Place poaching liquid over high heat and simmer until reduced by half. Remove from heat and stir in butter.

Divide asparagus between 8 plates. Peel skin off halibut and place 1 filet on top of asparagus on each plate. Divide morels among plates. Spoon sauce over fish and serve immediately.

While halibut is in the oven, cook asparagus in 8-quart pot boiling salted water until tender, about 3 minutes. Using slotted spoon or tongs, remove asparagus from water and transfer to large bowl. Drizzle with 2 tablespoons olive oil, sprinkle with 3/4 teaspoon salt and 1/2 teaspoon pepper, and toss gently to coat. Cover and keep warm.

In heavy 10-inch skillet, heat remaining 2 teaspoons olive oil until hot but not smoking. Add morels and sauté 5 to 6 minutes. Remove from heat and add sherry vinegar and thyme, stirring to scrape up any morels that might stick to bottom of skillet. Sprinkle with remaining 1/4 teaspoon salt and remaining 1/8 tablespoon pepper.

Place poaching liquid over high heat and simmer until reduced by half. Remove from heat and stir in butter.

Divide asparagus between 8 plates. Peel skin off halibut and place 1 filet on top of asparagus on each plate. Divide morels among plates. Spoon sauce over fish and serve immediately.

Entrees don’t get much healthier than poached salmon. This fish provides essential vitamins and minerals, lots of protein, and beneficial unsaturated fats with minimal saturated fat, cholesterol and calories. Poaching on the stovetop is a health-conscious way to prepare the food, as it doesn’t add calories from cooking fat. Poaching is also quick and simple, and results in a meal with natural flavors that aren’t overshadowed by cooking fats, caramelization or heavy-handed seasonings.

Thaw frozen salmon before poaching it so it cooks quickly and evenly.

Pat the salmon fillets or steaks dry with paper towels, then season the fish with salt and pepper to taste.

Place a skillet that will snugly fit the salmon pieces over medium-high heat on the stove. Pour in about 1/4 to 1 cup of red or white wine, depending on how strong a wine flavor you want to impart. Add enough water to bring the total liquid to about 2 cups.

Add a few squeezes of fresh citrus juice or a bit of citrus zest, along with herbs, such as rosemary, dill, thyme, fennel, tarragon, basil or marjoram. If you’d like, add aromatics like chopped celery and carrots; chopped onion, shallot or garlic; and leeks or scallions. Bring the liquid to a boil, then reduce the heat to low so the liquid just barely simmers. Place the cover on the skillet and simmer for about five minutes.

Place the salmon in the pan in a single layer. If you have fillets with skin, place them skin-side down. Recover the pan and poach fillets for about 3 1/2 minutes or steaks for about 4 1/2 minutes.

Turn the cuts of salmon carefully with a broad spatula. Poach the salmon for another three minutes or so as needed to bring it to 145 degrees Fahrenheit at the middle of the thickest part on an instant-read thermometer. When it’s done, its flesh flakes easily and is entirely opaque.

Eric Mohrman is a food and drink, travel, and lifestyle writer living with his family in Orlando, Florida. He has professional experience to complement his love of cooking and eating, having worked for 10 years both front- and back-of-house in casual and fine dining restaurants. He has written print and web pieces on food and drink topics for Orlando Style Magazine, CrushBrew Magazine, Agent Magazine, Dollar Stretcher Magazine, The 863 Magazine and other publications.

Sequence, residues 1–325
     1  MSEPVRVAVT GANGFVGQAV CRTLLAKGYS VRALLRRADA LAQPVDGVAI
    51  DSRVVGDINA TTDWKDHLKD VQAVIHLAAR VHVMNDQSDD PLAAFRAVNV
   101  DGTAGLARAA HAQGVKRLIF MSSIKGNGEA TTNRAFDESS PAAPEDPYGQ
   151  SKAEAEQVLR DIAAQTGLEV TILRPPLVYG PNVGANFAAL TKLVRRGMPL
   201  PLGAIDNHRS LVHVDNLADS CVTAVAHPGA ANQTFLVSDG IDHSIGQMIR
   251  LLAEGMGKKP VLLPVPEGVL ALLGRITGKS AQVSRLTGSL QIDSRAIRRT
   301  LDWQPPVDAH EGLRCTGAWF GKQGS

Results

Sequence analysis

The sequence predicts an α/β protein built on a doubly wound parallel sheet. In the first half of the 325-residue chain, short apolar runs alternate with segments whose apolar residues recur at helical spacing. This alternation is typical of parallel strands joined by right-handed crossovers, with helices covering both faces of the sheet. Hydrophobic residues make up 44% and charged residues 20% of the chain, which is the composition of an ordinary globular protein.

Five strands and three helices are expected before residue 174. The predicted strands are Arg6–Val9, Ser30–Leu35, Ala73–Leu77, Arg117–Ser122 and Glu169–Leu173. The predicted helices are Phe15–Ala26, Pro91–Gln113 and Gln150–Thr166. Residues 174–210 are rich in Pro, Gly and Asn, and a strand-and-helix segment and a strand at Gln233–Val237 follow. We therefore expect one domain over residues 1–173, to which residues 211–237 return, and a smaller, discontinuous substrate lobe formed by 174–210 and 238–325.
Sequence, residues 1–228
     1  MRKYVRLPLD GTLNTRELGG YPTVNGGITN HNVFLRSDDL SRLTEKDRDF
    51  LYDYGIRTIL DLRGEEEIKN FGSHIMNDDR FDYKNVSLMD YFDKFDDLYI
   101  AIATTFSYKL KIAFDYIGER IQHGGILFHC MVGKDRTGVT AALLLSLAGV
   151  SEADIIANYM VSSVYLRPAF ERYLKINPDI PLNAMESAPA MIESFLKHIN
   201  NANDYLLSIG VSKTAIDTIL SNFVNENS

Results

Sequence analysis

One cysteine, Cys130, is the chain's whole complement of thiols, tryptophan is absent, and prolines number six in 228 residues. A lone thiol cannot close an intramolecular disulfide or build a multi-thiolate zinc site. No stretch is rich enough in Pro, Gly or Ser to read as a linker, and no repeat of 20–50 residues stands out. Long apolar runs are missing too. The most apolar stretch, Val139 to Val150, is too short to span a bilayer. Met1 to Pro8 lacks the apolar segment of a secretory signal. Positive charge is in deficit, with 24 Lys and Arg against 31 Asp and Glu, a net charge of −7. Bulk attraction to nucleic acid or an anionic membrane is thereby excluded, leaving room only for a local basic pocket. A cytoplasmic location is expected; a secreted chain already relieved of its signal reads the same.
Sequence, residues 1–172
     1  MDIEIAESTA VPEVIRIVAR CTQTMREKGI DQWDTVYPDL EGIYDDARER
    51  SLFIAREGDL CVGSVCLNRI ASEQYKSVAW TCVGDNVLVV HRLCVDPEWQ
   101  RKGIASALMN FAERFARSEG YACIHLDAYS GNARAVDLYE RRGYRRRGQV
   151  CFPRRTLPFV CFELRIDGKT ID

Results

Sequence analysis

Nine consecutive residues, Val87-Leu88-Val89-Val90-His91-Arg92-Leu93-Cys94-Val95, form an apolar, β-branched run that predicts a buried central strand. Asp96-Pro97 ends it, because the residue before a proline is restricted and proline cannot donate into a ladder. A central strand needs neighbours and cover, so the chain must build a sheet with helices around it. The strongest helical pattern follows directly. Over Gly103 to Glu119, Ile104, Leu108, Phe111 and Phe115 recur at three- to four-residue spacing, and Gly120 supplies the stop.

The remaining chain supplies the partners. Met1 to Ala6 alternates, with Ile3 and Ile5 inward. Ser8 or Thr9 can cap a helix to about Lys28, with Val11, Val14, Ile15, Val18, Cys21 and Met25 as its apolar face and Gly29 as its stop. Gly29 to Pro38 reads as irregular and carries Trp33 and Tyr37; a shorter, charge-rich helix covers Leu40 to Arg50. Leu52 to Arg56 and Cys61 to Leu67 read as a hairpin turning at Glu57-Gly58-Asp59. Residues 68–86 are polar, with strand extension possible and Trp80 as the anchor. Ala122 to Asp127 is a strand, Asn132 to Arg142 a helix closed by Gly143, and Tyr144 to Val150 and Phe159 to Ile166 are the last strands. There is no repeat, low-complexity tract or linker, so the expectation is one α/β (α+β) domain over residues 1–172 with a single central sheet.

22 Answers

How to Poach Fish in Milk

Try sweating down a chopped onion, adding some garlic, pour in some milk, season with salt and ground pepper, add the fish and simmer for not more than ten minutes (depends on thickness of the fish). Garnish with chopped parsley.

This Site Might Help You.

anybody got any ideas how to poach fish? would probably be smoked haddock or cod fillet along those lines?

Your going to poach Smoked Haddock. it’s smoked.

The easiest way for a new poacher like YOU. Go buy some parchment paper. Tear off a big square. Place your fish on the paper and sprinkle it with seasoning and a splash of lemon juice, white wine and / or butter. Fold the paper over and crimp the ends so that it’s air tight.

Place on a baking sheet and slide it in the oven at 375 degrees. Cooking time will vary with the thickness of your fish, but 20 – 30 minute will do it. Fish should plump up and be moist and flakey.

Poaching fish is more of a technique but a good way to emphasize the taste of fish.

This is a quick but gently way of cooking the fish in a flavorful liquid to keep the fish’s natural flavor.

The term poaching is used most often for fish cooked in a simmering liquid where the liquid is intended to be discarded. Braising or stewing is often used when the liquid is to be served with the fish.

The water used when poaching fish should be “high quality”. If you don’t drink your tap water, then don’t use it for this recipe. Use water that you would be willing to drink (and, hopefully, prefer the taste of) for this recipe because those off flavors will present themselves in the final dish if you use funny tasting water. Also, you will not beboiling the fish – you should cook it in near boiling temperature water. Boiling will cause unnecessary violent currents through the cooking liquid which will end up tearing apart the fish into little pieces instead of gently cooking them through. The poaching liquid can be used repeatedly for multiple batches of fish or other foods you may want to poach in a flavorful liquid – just bring it back to a boil between uses. (Use the poaching liquid all in one session and then discard. please don’t keep a pot of poaching liquid sitting on your stove waiting for the next poached fish meal.)

Prepare the poaching liquid by filling a saute pan with enough water to measure a depth of about one inch (2.5 cm). Throw in a couple cloves of garlic, about 30 to 40 whole peppercorns, 4 sprigs of parsley, 1/2 cup dry white wine, and a bay leaf. Covering the saucepan, allow the mixture to come to a full boil and turn the heat down to low. This will let flavors of the spices infuse into the liquid, this should be for about twenty minutes.